As the two hangry females had been arguing, Geoffrey had crept behind a nearby tree and done just that. Hannah refused.

So it was that two hours later, two lost little children came upon a restroom in the woods. They ran inside, only to find themselves caught in a trap once they had relieved themselves. And Hannah and Geoffrey came upon their car, having been lost only once, which was a full four miles from their encounter. Hannah would discover she had a urinary tract infection the next day, and Geoffrey would secretly revel in the fact that he had not solely been her lemming, and he did not.

Becoming Fearless

The world is bright.

The sun, midway in her journey ‘cross the sky,

sends warmth and light

to the meadow below,

lush with verdant, sweet-smelling grasses

and variegated wildflowers.

The nymph,

slender and young,

brunette curls trailing down her back,

espies a bloom fit for the crown she is weaving;

she plucks it, heedless of the thorns

until she feels the prick of pain,

sees the blood trickling from her finger.

The god,

looking for diversion,

espies a nymph fit for play,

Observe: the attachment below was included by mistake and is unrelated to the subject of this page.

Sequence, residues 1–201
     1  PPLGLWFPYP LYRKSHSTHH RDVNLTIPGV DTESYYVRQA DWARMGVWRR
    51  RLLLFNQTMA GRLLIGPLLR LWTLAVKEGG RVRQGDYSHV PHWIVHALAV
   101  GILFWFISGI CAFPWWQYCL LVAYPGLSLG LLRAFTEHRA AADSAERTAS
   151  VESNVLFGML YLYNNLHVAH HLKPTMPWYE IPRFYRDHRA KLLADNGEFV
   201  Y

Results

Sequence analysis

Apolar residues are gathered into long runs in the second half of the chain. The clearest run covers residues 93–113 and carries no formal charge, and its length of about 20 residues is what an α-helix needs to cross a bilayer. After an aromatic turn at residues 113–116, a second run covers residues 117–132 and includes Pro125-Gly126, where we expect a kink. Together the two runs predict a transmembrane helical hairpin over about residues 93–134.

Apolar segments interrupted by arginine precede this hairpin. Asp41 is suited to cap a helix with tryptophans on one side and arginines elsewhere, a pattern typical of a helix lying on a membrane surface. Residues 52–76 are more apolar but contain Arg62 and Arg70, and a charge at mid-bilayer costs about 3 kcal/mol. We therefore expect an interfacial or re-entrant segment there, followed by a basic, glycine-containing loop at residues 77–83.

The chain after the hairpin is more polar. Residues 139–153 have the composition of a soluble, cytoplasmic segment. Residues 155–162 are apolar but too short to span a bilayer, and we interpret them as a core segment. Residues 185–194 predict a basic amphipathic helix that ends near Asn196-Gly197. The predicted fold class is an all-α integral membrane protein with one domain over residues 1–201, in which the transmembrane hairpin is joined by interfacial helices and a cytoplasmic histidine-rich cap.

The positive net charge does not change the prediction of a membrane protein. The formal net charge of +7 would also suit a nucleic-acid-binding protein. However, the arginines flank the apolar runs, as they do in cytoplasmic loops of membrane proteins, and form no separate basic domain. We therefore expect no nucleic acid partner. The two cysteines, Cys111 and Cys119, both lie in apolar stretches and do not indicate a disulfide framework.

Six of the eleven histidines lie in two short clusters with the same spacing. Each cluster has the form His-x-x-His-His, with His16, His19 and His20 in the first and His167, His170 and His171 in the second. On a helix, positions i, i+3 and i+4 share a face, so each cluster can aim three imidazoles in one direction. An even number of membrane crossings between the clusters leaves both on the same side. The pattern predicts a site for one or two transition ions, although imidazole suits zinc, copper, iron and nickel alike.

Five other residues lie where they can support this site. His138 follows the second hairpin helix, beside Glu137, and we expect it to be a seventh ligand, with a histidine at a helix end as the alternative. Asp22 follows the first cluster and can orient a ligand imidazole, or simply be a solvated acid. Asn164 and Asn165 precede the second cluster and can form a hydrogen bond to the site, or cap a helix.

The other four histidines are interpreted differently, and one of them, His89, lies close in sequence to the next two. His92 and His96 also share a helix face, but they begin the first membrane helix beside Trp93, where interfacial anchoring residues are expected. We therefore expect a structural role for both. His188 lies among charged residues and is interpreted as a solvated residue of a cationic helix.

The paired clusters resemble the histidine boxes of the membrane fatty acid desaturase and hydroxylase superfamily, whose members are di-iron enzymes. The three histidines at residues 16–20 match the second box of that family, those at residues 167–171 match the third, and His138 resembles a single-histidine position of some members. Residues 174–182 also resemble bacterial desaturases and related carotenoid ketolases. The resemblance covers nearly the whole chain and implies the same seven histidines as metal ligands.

and gives chase.

But fair Daphne knows how quickly a bud,

once picked,

can begin to wilt,

and how the world is

cruel and negligent

to those who are hurt and withering.

So she runs.

The mythical beings move ever faster;

he, demanding,

nipping at her heels.

She, frightened, feels

exhaustion

already causing her limbs to shake.

Why must she be so weak?

How can someone

so fair, so bright,

so full of potential,

be out of options

and powerless

so quickly?

She does what all young do,

if they can;

face red with shame,

she appeals for assistance

from her father.

The strong, possessive fingers of the divine grasp her shoulder,

and she learns that, in the face of complete terror, she screams –

with a power that seems to force Apollo to retract,

that shakes the buds resting in bushes and growing from the ground

with its volume and emotion.

But no –

it was not acknowledgement that she,

as a person with her own thoughts and feelings,

did not desire his touch

that had caused Apollo to retreat;

it was, instead, another man’s

imposition of himself upon her.

Granted, she had asked for his help.

Not realizing that he,

preferring that his daughter remain an untouched vessel

for eternity,

or at least, as long as trees live,

would cause her being to harden, thicken, and hollow,

her arms to grow lanky, darken, and sprout

thick green leaves

that Apollo, not to be thwarted of his prize entirely,

would tear from her being

as he had yearned to tear off her clothes,

and wear as a crown upon his head.

Ground suddenly unreliable,

her feet sank into the soil beneath her,

firmly entrenching her into the particular spot

on which her transformation had begun.

The sun continued to shine, until its’ journey was complete,

and Daphne drank in its rays and warmth,

spreading her branches far and wide,

secure in the knowledge that she needn’t fear

any longer.

The Writer’s Journey